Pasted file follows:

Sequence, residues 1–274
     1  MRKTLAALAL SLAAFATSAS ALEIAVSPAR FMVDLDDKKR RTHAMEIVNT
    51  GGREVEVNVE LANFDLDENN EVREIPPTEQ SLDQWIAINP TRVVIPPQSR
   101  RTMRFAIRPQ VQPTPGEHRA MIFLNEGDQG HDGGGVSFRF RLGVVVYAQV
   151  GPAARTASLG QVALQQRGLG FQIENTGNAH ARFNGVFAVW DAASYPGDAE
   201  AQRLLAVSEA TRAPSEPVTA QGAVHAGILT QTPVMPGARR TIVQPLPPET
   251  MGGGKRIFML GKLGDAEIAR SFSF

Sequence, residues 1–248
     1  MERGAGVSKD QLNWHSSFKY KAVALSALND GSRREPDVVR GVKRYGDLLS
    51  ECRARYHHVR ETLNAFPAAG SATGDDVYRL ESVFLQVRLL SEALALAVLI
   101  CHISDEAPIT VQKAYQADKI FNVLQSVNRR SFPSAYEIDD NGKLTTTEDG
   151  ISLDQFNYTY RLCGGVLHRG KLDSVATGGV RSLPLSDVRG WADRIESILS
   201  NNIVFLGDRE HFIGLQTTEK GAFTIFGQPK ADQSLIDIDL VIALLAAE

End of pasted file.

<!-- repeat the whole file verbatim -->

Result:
Sequence, residues 1–274
     1  MRKTLAALAL SLAAFATSAS ALEIAVSPAR FMVDLDDKKR RTHAMEIVNT
    51  GGREVEVNVE LANFDLDENN EVREIPPTEQ SLDQWIAINP TRVVIPPQSR
   101  RTMRFAIRPQ VQPTPGEHRA MIFLNEGDQG HDGGGVSFRF RLGVVVYAQV
   151  GPAARTASLG QVALQQRGLG FQIENTGNAH ARFNGVFAVW DAASYPGDAE
   201  AQRLLAVSEA TRAPSEPVTA QGAVHAGILT QTPVMPGARR TIVQPLPPET
   251  MGGGKRIFML GKLGDAEIAR SFSF

Sequence, residues 1–248
     1  MERGAGVSKD QLNWHSSFKY KAVALSALND GSRREPDVVR GVKRYGDLLS
    51  ECRARYHHVR ETLNAFPAAG SATGDDVYRL ESVFLQVRLL SEALALAVLI
   101  CHISDEAPIT VQKAYQADKI FNVLQSVNRR SFPSAYEIDD NGKLTTTEDG
   151  ISLDQFNYTY RLCGGVLHRG KLDSVATGGV RSLPLSDVRG WADRIESILS
   201  NNIVFLGDRE HFIGLQTTEK GAFTIFGQPK ADQSLIDIDL VIALLAAE